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Dua Lipa’s gig on Monday opened with the thrum of stonking synths, and Blade Runner-esque visuals pulsating ominously across the crumblingly ornate Brixton Academy. A huge neon red triangle ate itself as Dua walked confidently onto the stage dressed in a sequined tracksuit, launching straight into sizzling banger, Hotter Than Hell.

Without even pausing to greet the audience, or seemingly take a breath, she juggernauted straight through raggaetonish stomper No Lie, and THEN straight through Lost In Your Light, her smash hit collaboration with Miguel.

Just three songs (about ten minutes) into the performance, it already felt like she’d been an exhaustingly competent headliner. That ten minutes alone almost would have been enough. And she was just getting started. “I’M SO HAPPY TO BE HOME!” she yelled. And she clearly was. Her eyes were sparkling, and her excitement was apparent in the way she moved to the music, throwing herself around frenetically in a Maddie Ziegler-esque exhibit of unbridled joy.

And she deserves to be happy. Monday night must have been a big moment for her. She’s done gigs in her hometown of London before, but this was her first following the release of New Rules, the song (and perhaps more importantly, the video) that propelled her into global stardom.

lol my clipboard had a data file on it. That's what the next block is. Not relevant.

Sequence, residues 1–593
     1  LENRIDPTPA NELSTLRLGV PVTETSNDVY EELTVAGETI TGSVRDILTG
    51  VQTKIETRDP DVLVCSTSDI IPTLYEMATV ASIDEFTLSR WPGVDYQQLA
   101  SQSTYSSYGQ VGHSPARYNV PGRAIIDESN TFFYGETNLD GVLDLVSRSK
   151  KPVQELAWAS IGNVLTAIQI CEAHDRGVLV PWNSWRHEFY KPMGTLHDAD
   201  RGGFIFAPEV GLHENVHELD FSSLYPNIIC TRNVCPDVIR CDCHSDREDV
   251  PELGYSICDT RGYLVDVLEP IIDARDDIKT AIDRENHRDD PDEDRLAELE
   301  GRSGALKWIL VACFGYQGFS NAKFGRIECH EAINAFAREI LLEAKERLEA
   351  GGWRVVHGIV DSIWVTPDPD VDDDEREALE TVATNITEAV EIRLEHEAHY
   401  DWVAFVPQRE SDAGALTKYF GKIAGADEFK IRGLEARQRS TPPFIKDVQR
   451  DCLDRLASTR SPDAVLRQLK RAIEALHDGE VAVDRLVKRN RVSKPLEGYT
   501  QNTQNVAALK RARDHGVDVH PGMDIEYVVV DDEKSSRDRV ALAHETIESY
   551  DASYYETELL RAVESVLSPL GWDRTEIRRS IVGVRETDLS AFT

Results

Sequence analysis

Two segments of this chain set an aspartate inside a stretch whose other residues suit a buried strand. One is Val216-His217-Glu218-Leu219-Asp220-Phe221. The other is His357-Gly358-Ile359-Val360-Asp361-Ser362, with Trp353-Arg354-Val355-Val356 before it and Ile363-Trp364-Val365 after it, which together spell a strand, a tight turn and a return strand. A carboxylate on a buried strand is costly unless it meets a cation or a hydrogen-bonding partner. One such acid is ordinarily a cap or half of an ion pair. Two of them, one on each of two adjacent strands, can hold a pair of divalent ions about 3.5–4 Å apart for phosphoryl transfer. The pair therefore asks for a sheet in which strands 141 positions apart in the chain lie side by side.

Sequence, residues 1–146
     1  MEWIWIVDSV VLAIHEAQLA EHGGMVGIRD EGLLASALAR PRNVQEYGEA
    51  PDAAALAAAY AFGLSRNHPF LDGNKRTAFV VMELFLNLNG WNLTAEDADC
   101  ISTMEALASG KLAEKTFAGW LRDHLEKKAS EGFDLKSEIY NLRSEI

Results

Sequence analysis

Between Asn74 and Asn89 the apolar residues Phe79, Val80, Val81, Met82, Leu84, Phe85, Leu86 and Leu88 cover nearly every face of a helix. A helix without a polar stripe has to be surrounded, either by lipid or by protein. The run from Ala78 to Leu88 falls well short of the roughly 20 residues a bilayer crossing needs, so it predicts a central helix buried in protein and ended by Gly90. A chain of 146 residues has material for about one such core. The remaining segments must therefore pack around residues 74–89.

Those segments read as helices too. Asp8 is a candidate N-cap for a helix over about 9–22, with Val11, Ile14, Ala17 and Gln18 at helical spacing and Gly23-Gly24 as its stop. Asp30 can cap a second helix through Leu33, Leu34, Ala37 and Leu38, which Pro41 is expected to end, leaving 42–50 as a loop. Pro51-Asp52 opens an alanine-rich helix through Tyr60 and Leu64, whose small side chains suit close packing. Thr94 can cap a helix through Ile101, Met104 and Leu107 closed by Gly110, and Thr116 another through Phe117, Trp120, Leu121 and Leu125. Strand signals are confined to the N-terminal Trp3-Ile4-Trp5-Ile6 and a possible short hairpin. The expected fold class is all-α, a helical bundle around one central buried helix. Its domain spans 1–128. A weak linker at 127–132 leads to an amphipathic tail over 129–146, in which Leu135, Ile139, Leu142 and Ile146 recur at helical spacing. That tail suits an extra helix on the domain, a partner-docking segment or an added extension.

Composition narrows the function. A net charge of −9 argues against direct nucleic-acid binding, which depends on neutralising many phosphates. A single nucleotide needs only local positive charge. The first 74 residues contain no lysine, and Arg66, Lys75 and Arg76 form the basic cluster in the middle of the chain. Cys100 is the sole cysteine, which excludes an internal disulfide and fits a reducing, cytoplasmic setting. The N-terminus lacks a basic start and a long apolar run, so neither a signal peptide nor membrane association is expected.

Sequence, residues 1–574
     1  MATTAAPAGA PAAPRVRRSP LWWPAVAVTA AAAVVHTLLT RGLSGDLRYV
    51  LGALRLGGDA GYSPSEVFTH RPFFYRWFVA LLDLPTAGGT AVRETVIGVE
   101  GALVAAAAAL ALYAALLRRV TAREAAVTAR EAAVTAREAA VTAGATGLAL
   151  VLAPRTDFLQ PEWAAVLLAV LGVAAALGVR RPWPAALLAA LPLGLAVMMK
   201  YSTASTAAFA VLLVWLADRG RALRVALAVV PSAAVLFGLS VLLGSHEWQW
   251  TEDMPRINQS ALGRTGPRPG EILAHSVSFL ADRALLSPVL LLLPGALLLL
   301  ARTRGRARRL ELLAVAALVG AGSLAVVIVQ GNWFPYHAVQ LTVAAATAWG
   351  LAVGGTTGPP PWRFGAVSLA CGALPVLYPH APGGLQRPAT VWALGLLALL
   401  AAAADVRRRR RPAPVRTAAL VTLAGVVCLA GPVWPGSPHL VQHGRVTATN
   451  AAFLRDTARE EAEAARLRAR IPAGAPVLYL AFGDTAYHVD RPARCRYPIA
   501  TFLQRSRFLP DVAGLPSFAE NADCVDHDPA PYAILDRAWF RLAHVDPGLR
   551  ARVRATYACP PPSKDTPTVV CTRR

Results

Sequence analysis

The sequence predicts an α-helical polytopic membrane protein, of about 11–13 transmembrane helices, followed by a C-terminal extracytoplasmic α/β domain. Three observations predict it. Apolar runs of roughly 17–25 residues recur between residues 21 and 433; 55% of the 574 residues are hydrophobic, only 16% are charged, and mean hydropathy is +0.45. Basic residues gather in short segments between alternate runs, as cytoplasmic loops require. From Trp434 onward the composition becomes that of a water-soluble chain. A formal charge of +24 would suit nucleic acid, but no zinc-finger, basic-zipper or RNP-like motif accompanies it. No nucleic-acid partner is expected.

And the crowd were happy for her too. Dua is quite a unique artist, in that her rise to fame has happened over a year or so. Most artists either skyrocket straight into the public eye, or build up over a few years. The nature of Dua’s quick, but not meteoric success, means that old fans have stuck with her, and new fans have had time to get to know her.

Her audience’s demographic is interesting, too – I was expecting a Little Mix-esque crowd of young gay men and tweeny girls, of which yes, there were some. But it was mostly discerning, trendy girls in their mid-twenties, a notoriously difficult audience for mainstream musicians to snag. Perhaps it partially accounts for Dua’s success. But there were all sorts – older women, young couples, even middle-aged men; including London Mayor Sadiq Khan!

After her unbelievably high-energy entry, she took things down a little with beautiful ballad Garden, that really let her unique, gorgeously raspy voice shine. Then a personal highlight, my favourite song by Dua, Last Dance. Its beautiful ethereal electro riffs worked perfectly in the cavernous, echoing Academy.

For her encore, she saved beautiful Disneyish ballad Homesick, followed by summery pop bop Be The One, and the ubiquitous New Rules, which very nearly literalised the expression “raising the roof” – I don’t remember ever seeing a crowd go so wild for a song.

If she hadn’t proven it already, on Monday night Dua Lipa proved that she’s more than prepared for the inevitable future that awaits her – becoming one of the biggest pop stars in the world.





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